What we don’t have is a ton of Indonesian or Vietnamese restaurants. Still, that’s no excuse to merge these separate and distinct regional cuisines with Thai to form the dreaded Best Indonesian / Thai / Vietnamese restaurant category. Kinnarree, which I believe to be the best Thai in the area, doesn’t even get mentioned, since it’s squeezed out by the fine dining Indonesian restaurant Yono’s.
And those are only some of the worst offenders, I could go on.
Other categories could be made more specific in order to hone in on local businesses that are truly special and less on generic chains that mar our culinary landscape. Take the Best Sandwich category for example. If that were changed to Best Italian Deli (of which there are countless in the region) Subway would fall off the list, and we might be treated to a sampling of truly delicious sandwich choices.
This isn’t just about complaining. Did I mention that I have a plan?
Don’t tell anyone, but I did a little digging and found out that Michael Janairo at the Times Union is responsible for putting together the poll this year. And he has asked me for my thoughts and suggestions in writing so that they can be shared with the team over there.
But I want you involved. Yes, you. Last year, I took on a similar campaign a bit further downstream, and did not get your input early on. That was a mistake. In the months ahead, I’m going to ask for your support in pushing this agenda forward, and am looking forward to many conversations about what places are truly the best in the region.
For now, please tell me what else you think can be done to improve the survey. Be as specific as you wish. With your input I will cobble together an open letter to the Times Union that I hope I can get many of you to sign (or at least leave a comment with your support). We may or may not be able to get the changes on the ballot, but it’s a worthwhile effort to try.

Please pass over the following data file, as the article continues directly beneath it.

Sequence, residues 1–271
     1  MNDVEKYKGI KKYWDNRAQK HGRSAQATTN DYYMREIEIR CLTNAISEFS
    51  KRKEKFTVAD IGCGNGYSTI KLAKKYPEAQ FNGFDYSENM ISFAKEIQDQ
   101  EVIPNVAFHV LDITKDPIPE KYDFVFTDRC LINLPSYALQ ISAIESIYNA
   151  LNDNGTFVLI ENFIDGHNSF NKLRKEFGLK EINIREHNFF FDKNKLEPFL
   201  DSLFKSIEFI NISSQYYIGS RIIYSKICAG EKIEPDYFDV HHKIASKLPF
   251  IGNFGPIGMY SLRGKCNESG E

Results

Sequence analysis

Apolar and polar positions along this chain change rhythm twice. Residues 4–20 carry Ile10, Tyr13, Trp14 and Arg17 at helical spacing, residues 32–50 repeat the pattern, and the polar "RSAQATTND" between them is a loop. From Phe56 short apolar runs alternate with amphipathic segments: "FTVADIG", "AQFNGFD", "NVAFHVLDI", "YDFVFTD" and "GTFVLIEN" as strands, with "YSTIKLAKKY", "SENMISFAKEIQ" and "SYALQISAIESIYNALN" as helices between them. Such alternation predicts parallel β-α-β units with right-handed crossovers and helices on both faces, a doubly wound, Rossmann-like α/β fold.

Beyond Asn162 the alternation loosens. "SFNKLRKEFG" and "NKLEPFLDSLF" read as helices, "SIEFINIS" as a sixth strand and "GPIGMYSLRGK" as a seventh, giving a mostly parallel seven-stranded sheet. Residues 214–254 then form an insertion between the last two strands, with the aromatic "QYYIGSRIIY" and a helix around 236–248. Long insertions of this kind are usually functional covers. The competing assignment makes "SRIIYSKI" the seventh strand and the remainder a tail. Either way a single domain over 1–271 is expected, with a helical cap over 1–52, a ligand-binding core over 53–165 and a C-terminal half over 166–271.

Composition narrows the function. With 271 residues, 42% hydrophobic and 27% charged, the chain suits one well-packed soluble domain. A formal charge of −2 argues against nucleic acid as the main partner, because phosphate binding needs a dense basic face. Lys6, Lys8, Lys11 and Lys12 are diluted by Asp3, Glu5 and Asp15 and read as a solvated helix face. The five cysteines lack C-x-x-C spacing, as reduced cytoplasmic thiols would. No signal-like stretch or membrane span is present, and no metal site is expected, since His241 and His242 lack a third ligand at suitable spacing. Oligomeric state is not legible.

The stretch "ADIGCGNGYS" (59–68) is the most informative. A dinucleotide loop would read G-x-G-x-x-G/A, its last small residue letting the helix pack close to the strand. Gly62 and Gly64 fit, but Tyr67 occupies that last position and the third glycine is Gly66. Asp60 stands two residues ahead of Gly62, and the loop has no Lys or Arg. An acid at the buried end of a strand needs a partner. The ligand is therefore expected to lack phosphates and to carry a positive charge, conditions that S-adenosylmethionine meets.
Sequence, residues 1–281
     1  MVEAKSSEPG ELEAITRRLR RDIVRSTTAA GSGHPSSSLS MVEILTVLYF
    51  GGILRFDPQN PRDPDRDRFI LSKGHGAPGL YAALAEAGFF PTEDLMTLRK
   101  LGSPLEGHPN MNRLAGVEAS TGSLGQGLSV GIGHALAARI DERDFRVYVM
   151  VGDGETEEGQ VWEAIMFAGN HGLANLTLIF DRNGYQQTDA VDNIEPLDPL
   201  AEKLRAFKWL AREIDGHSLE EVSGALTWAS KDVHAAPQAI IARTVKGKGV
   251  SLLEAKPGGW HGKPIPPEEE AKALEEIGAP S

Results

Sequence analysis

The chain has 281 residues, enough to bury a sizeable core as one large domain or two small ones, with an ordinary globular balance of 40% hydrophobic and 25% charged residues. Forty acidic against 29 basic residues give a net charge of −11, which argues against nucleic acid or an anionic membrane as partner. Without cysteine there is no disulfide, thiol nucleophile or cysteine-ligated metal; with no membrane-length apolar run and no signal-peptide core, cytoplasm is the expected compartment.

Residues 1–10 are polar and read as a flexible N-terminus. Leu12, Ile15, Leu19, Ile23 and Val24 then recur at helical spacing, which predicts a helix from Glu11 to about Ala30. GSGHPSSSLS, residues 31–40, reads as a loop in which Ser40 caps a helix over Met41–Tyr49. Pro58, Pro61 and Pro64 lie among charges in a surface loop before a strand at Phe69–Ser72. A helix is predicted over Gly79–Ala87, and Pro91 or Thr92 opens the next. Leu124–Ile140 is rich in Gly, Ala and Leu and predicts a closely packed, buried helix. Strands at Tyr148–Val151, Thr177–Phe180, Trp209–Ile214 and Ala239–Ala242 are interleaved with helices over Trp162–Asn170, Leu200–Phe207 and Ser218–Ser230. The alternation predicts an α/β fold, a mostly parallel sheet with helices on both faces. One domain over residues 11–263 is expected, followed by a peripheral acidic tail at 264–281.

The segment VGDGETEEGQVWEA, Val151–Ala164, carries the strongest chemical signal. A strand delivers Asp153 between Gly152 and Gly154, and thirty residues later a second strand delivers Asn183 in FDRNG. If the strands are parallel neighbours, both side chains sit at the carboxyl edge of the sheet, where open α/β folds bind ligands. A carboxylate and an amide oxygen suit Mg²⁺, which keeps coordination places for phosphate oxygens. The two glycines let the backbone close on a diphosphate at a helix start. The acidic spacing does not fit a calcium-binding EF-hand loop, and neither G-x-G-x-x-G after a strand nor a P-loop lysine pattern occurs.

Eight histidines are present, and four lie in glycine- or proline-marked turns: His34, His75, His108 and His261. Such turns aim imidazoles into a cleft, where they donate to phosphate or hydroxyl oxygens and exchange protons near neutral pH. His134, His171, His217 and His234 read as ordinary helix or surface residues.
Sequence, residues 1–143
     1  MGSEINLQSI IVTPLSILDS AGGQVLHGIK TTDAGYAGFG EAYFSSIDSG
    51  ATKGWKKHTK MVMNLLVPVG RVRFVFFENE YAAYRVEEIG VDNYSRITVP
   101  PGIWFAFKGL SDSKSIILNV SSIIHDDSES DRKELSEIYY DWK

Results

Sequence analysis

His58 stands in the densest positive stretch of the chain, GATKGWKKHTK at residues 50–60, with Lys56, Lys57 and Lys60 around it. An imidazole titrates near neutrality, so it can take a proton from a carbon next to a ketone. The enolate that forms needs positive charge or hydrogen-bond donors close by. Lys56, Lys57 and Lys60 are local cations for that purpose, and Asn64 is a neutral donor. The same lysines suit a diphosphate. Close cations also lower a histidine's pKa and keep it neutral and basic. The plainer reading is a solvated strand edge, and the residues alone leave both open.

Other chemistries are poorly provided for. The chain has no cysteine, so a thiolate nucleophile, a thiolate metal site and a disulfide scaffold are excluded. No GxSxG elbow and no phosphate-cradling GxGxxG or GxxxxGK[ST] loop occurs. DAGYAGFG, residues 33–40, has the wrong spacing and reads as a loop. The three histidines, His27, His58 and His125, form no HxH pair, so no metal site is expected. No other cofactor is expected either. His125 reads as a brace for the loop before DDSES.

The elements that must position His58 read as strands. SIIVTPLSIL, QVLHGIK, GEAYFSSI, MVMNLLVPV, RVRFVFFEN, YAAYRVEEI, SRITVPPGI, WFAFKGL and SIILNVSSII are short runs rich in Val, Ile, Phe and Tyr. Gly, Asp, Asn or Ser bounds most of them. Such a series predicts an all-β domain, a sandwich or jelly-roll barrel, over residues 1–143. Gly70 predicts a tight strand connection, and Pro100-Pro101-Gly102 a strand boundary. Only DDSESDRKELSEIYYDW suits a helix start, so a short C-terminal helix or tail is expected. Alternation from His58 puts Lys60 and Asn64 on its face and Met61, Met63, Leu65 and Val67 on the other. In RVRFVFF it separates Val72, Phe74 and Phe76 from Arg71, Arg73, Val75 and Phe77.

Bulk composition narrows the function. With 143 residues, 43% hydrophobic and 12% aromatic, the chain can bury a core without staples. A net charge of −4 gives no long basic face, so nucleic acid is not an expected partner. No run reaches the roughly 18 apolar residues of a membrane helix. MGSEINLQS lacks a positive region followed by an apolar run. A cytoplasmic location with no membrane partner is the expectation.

You can see the results of last year’s Best of the Capital Region here. The section that pertains to dining is here. Although there are some food related entries in the goods and services section too.
The categories that really concern us are:
1) Best local grocery store
2) Best wine store
3) Best beer store
4) Best bakery
5) Best ethnic market
6) Best farmers market
7) Best health food store (single location)
8) Best restaurant to open in the past year
9) Best restaurant for kids
10) Best hamburger
11) Best pizza
12) Best sandwich shop
13) Best Chinese/Japanese/Korean restaurant
14) Best Indonesian/Thai/Vietnamese restaurant
15) Best Indian/Pakistani restaurant
16) Best Mexican/Central/South American restaurant
17) Best Italian restaurant
18) Best ice cream
19) Best hot dogs
20) Best sports bar
21) Best coffee joint (single location)
22) Best diner
I have some very strong feelings for improving most of these. And there are notable categories that are conspicuously absent. Seriously, how can there be no Best fish fry? And it’s absolutely criminal that there is no category for Best apple orchard.
You’ve seen a few of my thoughts above. Now it’s time to add your own below, or forever hold your peace.